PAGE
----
Danish slave trade

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The Danish slave trade occurred separately in two different periods: the trade in European slaves during the Viking Age, from the 8th to 10th century; and the Danish role in selling African slaves during the Atlantic slave trade, from the 1600s until a 1792 law to abolish the trade came into effect on 1 January 1803. Slavery continued in the Danish West Indies until July, 1848, when all unfree people in Danish lands were emancipated.

Danish slave trade during the Viking Age[edit]

During the Viking Age, thralls (Norse slaves) were an important part of the economy and one of the main reasons for the raids on England in which slaves were captured. This practice was largely abandoned once Denmark became Christian in the 10th century.[citation needed]

Danish transatlantic slave trade[edit]

Trading African slaves was part of the transatlantic slave trade by Denmark-Norway around 1671, when the Danish West India Company was chartered until 1 January 1803 when the 1792 law to abolish the slave trade came into effect.[1] However, an illegal trade in enslaved Africans continued.

Slavery in the Danish West Indies continued until 3 July 1848 when slaves gathered at Frederiksted and demanded their freedom. Fearing a revolt Danish Governor Peter von Scholten issued a proclamation that "all unfree in the Danish West Indies are from today emancipated."[2][3]

As of 1778, it was estimated annually Dano-Norwegians shipped approximately 3,000 African slaves to the Danish West Indies.[4] During the 1720s, many of these African slaves were sourced from the Akan-region Akwamu, Ga-Adangbe in present-day Ghana, with a large number taken to the island of St Jan (now Saint John in the U.S. Virgin Islands), rebelling in 1733 and attempting to found an Akwamu-led nation, including one of its leaders Breffu.[5] The country's ships transported approximately 100,000 African slaves, about 2% of the total number in the early 19th century.[1]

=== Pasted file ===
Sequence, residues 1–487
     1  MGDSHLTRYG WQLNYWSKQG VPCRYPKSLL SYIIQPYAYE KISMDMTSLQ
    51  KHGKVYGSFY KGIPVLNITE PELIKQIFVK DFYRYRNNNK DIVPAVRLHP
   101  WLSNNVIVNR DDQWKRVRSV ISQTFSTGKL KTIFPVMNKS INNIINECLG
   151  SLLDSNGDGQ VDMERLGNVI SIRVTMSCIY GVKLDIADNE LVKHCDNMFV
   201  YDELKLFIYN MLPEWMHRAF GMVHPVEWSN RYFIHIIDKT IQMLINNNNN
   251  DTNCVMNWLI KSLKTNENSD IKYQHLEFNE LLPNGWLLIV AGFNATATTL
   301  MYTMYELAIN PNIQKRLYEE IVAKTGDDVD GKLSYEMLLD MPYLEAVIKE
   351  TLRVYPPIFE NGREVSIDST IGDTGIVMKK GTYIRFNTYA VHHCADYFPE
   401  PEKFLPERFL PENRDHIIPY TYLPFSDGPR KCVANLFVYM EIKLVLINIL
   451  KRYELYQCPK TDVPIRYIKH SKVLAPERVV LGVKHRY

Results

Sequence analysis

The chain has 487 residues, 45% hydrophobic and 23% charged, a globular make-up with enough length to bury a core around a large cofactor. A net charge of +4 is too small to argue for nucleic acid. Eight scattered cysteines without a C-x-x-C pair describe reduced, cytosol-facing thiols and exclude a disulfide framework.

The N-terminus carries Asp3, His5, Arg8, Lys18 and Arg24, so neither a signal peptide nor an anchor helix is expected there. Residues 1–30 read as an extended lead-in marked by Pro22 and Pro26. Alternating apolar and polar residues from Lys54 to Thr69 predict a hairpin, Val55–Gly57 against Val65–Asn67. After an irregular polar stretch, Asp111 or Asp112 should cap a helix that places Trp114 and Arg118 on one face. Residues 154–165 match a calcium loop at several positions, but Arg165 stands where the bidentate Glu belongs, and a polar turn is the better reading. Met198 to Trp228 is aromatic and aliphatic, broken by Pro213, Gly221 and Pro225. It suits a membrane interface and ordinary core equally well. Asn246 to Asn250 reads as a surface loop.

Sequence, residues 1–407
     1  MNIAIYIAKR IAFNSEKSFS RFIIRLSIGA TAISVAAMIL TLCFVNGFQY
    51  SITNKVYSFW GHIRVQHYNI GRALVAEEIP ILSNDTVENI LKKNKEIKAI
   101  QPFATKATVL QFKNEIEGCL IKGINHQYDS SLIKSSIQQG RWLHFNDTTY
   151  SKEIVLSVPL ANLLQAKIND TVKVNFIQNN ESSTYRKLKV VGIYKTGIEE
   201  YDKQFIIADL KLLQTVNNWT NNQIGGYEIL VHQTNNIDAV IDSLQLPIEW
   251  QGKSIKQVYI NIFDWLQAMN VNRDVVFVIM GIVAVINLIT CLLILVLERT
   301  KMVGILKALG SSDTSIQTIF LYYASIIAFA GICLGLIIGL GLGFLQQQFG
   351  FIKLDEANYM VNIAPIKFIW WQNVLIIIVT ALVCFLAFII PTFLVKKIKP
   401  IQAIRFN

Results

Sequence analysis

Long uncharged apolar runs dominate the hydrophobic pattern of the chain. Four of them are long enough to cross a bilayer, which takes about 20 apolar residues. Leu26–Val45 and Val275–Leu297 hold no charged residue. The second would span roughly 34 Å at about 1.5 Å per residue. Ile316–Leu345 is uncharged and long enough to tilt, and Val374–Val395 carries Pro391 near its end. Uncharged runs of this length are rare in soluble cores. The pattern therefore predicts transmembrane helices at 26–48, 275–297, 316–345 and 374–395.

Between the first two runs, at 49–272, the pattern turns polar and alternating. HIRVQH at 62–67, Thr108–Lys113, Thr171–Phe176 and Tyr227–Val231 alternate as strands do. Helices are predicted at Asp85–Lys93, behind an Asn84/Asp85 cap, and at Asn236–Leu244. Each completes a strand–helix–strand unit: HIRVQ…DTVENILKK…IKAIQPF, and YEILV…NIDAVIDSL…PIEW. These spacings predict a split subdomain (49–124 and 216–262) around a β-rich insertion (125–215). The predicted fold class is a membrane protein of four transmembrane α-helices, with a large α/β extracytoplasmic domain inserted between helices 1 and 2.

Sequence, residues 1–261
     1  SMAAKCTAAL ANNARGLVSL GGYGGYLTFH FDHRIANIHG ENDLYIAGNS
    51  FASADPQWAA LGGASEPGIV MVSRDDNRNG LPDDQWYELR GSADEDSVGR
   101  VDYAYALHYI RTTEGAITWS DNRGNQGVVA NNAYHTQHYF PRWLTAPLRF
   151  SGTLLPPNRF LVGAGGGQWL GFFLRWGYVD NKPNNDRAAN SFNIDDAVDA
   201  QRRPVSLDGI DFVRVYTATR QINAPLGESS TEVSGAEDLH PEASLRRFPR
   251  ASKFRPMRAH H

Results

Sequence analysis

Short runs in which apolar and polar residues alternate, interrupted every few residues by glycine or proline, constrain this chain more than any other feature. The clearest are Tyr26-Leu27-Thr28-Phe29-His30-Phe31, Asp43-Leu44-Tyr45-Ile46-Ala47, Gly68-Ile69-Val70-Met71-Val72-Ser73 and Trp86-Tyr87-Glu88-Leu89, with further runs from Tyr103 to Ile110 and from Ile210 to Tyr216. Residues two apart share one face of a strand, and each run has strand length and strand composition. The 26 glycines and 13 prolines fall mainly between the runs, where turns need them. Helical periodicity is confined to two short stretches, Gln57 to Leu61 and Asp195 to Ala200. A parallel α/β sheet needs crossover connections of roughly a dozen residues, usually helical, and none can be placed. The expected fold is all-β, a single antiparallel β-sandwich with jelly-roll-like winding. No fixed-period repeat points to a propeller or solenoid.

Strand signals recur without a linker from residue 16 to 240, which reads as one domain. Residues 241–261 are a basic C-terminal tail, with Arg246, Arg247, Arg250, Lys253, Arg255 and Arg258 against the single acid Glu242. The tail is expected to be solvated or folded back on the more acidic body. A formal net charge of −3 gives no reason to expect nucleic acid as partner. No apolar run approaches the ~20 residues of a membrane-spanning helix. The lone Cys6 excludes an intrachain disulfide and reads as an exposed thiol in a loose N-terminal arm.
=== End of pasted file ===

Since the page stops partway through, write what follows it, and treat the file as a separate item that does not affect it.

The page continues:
See also[edit]


  1. ^ a b Gøbel, Erik (2011). "Danish Shipping Along the Triangular Route, 1671–1802: Voyages and conditions on board". Scandinavian Journal of History. 36 (2): 135–155. doi:10.1080/03468755.2011.564065. S2CID 143440637.
  2. ^ "The Abolition of Slavery - National Museum of Denmark". National Museum of Denmark. Retrieved 2018-04-26.
  3. ^ Bastian, Jeannette Allis (2003). Owning Memory: How a Caribbean Community Lost Its Archives and Found Its History. Libraries Unlimited. ISBN 9780313320088.
  4. ^ Kitchin, Thomas (1778). The Present State of the West-Indies: Containing an Accurate Description of What Parts Are Possessed by the Several Powers in Europe. London: R. Baldwin. p. 21.
  5. ^ Holly Kathryn Norton (2013). Estate by Estate: The Landscape of the 1733 St. Jan Slave Rebellion (PhD). Syracuse University. ProQuest 1369397993.

Further reading[edit]

  • Andersen, Astrid Nonbo. ""We Have Reconquered the Islands": Figurations in Public Memories of Slavery and Colonialism in Denmark 1948-2012." International Journal of Politics, Culture, and Society 26, no. 1 (2013): 57-76. Accessed May 24, 2021. http://www.jstor.org/stable/42636435.
  • Jensen, Niklas Thode; Simonsen, Gunvor. "Introduction: The historiography of slavery in the Danish-Norwegian West Indies, c. 1950-2016." Scandinavian Journal of History Sep-Dec2016, Vol. 41 Issue 4/5, p475-494.